October 22, 2008
Managing in a Downturn
I spoke at a NextNY event last night along with several others, including fellow entrepreneur David Kidder from Clickable and angel investor Roger Enhrenberg about this fine topic (Roger wrote a great post on it here) and thought I’d share a few of the key points made by all of us for anyone trying to figure out what to do tactically now that Sequoia has told us to be afraid, very afraid.
Hope is Not a Strategy: Your business is not immune. It will do what everyone else’s will. Struggle to hit its numbers. Struggle to collect bills. Lose customers. There is no reason to hope you’ll be different.
Get Into the Jet Stream: Develop your core revenue streams — and make sure they’re really your revenue, not just skimming tertiary revenue out of the ecosystem. Investors will look to see how sustainable your model is with more scrutiny than ever.
It’s a Long Road to Recovery: I don’t care what people say. There is no true “v-shaped” bounceback from a true downturn. Plan for a long (4-8 quarter) time to return to normalcy.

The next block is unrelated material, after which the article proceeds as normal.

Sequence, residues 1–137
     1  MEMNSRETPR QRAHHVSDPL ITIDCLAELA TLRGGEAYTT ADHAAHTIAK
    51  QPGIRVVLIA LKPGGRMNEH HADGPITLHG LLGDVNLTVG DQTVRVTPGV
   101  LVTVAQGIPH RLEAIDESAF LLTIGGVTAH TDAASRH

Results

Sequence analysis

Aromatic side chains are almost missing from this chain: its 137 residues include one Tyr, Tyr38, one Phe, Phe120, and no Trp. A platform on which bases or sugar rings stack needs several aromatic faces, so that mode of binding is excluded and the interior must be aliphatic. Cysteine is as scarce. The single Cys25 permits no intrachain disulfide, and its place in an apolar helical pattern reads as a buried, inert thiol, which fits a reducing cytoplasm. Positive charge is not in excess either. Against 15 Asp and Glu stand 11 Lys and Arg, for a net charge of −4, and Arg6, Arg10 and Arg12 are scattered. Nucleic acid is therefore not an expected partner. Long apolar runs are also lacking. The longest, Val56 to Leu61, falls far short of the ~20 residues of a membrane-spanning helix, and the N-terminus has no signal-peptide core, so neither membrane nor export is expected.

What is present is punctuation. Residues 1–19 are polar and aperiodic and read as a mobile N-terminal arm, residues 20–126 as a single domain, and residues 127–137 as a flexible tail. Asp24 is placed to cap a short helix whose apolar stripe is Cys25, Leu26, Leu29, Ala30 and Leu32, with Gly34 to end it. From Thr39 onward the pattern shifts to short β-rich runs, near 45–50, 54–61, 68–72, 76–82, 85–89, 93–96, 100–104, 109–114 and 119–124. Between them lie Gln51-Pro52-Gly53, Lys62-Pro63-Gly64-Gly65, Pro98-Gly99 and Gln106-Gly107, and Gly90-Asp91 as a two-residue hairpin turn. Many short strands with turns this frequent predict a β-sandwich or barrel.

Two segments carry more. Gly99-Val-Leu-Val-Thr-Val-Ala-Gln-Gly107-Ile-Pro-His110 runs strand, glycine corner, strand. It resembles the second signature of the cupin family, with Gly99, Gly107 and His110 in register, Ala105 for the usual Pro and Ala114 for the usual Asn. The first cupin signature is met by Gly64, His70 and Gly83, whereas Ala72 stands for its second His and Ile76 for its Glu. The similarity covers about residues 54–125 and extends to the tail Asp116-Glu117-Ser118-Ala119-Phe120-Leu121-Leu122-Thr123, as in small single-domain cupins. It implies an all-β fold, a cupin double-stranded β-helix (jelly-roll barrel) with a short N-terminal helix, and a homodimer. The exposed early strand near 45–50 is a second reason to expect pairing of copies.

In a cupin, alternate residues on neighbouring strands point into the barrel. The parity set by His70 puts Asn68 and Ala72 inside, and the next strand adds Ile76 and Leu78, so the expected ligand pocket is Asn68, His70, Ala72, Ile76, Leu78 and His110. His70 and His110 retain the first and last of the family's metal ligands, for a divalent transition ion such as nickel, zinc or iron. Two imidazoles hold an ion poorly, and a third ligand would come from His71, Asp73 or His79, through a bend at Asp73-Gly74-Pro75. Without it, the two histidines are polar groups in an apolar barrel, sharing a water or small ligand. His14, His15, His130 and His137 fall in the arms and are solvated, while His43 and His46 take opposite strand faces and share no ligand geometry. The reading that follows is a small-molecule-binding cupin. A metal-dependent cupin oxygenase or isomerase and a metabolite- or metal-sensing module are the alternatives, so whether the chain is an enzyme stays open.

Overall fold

Budget Early and Often: Things change rapidly in this kind of environment. Make sure you reforecast, especially cash flows and cash, monthly when you close the books.
Don’t Stop Thinking About Tomorrow: If you have a real business, you need to be it for the long haul. Keep pursuing opportunities. Keep investing in the future. Don’t pare back your vision and ambitions. Just make more conservative investments, insist on shorter payback windows, and adjust expectations about timeframes.
Leadership Counts: Your people are nervous. They’re concerned about their own bank accounts. Their jobs. Be even more present, more transparent, and more communicative. And set the right tone on expenses with your own decisions. The troops need to know that you care about them — and that the big boss has a steady hand on the wheel.